Scott Stout is driven by the desire to compete ─ either racing downhill mountain bikes, riding motorcycles, or growing a business. If there’s someone quicker, smarter or more experienced, so much the better for the agile and entrepreneurial Stout, who loves to compete and win, but doesn’t always have to be “the best.” In fact, he says, “When I’m the best, I just feel like the competition isn’t strong enough. When I’m in the pack, I push harder.”
This drives him off the beaten path to take risks, ask tough questions, and forge new connections.“As an entrepreneur, I enjoy accomplishing the seemingly impossible, especially when it’s outside my comfort zone. It fuels me,” says Scott.
Resourceful early on, Scott claims he was an “OK student,” yet competed with academic highfliers to earn a spot in his high school’s honors classes, his college’s business school, and several prestigious internships at marquee companies. Armed with a sterling resume, helanded in Los Angeles… and became a nightclub bartender, because “life is weird,” says Scott.
“I wouldn’t trade that experience for anything. It was physically taxing, but anexcellent business experience. Reading people, providingcustomer service, and genuinely listening ─ combined with the stresses of thinking fast on my feet and jumping in to negotiate conflicts ─ all taught me how to work quickly and profitably, both for myself and the bar owner.”
Fast forward 10 years, now a professional investor and options strategist at Morgan Stanley, Scott morphed into “the epitome of a finance guy,” working as part of an ultra-high net-worth team. Part of his job was looking for future clients, which led Scott to working with startups tohone their investor models, valuations, and go-to-market strategies.His ability to connect people and ideas,combined with his investment acumen,fueled his entrepreneurial spirit and set the stage to act on future opportunities.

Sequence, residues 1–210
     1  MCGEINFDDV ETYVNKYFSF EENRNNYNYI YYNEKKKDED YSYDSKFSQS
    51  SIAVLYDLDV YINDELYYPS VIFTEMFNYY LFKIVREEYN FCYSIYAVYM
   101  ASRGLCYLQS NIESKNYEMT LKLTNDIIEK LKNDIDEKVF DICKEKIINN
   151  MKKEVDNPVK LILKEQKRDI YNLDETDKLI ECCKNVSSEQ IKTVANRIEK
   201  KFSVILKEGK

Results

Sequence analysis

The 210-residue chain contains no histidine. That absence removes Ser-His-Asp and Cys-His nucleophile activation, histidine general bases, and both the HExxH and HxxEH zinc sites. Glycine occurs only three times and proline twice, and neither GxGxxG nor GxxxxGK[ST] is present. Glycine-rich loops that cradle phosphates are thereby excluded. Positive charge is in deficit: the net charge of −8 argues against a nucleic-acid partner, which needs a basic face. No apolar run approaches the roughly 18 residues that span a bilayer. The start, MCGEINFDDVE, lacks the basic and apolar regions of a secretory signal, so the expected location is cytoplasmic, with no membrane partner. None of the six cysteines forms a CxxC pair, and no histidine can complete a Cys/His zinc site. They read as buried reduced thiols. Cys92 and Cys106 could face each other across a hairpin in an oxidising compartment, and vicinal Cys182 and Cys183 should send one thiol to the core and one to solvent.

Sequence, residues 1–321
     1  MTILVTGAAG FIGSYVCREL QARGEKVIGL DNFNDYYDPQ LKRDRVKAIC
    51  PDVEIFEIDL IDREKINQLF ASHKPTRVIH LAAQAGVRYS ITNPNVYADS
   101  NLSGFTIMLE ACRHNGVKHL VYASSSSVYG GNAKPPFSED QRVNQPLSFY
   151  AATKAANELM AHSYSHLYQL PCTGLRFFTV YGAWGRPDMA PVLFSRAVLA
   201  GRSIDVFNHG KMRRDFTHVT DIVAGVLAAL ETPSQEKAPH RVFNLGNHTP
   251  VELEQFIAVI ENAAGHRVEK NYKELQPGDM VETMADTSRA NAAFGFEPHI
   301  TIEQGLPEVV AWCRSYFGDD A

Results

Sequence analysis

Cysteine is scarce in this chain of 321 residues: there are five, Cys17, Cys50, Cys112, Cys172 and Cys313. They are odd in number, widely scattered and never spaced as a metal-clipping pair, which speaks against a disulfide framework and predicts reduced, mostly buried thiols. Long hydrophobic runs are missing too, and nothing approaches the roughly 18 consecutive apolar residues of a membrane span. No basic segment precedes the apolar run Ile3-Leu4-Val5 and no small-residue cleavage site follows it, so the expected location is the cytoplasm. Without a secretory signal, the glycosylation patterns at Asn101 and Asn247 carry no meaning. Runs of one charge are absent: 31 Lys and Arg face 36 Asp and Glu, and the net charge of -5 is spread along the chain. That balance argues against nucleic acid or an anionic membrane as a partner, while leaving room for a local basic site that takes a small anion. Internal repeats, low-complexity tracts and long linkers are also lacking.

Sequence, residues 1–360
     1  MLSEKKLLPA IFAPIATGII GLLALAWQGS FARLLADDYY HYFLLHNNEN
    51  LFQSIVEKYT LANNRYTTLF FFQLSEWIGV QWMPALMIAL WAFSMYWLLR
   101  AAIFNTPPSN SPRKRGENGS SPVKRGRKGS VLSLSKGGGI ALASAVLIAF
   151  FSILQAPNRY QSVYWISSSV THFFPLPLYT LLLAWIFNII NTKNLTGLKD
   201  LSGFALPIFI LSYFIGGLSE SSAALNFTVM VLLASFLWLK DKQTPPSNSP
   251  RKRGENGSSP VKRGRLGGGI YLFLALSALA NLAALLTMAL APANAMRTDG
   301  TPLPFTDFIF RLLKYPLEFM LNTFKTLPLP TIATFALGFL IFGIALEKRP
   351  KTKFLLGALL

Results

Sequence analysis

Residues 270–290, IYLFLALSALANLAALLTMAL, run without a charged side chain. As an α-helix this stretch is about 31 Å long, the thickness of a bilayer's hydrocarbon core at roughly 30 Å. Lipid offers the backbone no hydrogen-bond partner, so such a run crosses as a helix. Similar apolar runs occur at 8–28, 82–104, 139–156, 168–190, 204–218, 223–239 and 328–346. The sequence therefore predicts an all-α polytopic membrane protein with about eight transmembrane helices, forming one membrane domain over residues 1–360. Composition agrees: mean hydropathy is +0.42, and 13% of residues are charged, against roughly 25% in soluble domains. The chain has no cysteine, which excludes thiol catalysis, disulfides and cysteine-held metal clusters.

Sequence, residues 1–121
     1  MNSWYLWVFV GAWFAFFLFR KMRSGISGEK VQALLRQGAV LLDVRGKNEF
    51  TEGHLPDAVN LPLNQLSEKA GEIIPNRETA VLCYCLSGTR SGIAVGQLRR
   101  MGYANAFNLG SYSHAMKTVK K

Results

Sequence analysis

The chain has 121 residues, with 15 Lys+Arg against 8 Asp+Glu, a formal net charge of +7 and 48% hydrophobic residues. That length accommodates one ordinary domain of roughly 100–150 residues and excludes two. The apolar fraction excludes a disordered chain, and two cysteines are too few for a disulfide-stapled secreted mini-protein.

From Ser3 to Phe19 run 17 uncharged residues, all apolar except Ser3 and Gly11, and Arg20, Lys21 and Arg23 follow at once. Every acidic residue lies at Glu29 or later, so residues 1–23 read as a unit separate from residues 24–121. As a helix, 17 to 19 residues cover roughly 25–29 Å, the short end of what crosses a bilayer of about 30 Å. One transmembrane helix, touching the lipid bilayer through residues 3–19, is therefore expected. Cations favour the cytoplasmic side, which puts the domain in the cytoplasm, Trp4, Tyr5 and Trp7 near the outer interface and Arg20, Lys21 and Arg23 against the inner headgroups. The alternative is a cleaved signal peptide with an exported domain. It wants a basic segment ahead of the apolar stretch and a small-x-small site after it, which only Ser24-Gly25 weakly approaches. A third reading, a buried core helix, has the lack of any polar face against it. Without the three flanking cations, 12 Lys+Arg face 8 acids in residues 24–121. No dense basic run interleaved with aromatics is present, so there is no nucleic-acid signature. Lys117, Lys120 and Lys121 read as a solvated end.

Go Find Me That!
And then it happened. Scott was exploring opportunities to create more revenue streams for a private equity client that acquired and turned around hospitals. At this meeting,the topic of clinical trials arose. “Why aren’t you pursuing clinical trials?” he asked.His question was met with a slew of reasons─from not having the pharma relationships to not knowing where to start.
“Why don’t you refer patients to other hospitals that do facilitate clinical trials for a referral fee?” Scott mindlesslyinquired.The answer was simple – they didn’t want to lose their patients to other hospitals.
Thinking quickly on his feet, Scott suggested: “What if we found a turnkey clinical trial company thatplaced their people in your hospitalswith some sort of profit-sharing? And then, when the study is over, they pack-up and leave?” The founder of the private equity company looked him squarely in the eye and said, “Go find me THAT.”
His team’s rigorous due diligence revealed “that” didn’t exist. They then pushed the idea further and questioned utilizing telemedicine, instead of putting actual “boots on the ground.” That way, providers could offer their patients as subjects without the risk of losing them to another doctor, and approved clinical trial sites could increase their volumes by having access to more qualified subjects.
Scott’s team scheduled a meeting with a large telemedicine provider to ask who they were using for clinical trials. The investment thesis was confirmed when they discovered the telemedicine provider had been actively pursuing this use case and couldn’t find anyone. MedVector was born.
Simple by Design
Early on, the MedVector team realized how important it would be to keep their solution simple, and to make sure it was compatible with current study protocols. “At first glance, what we’re offering may seem disruptive, which can be intimidating for clinicians inundated in the current model. But when you start to break down the protocols ofstudies, clinicians realize we’re not changing the current model,” says Scott. “In reality, we are providing a much-needed enhancement to the existing model, which has the potential to eliminate recruitment delays and get medications into the hands of people who need it more quickly.”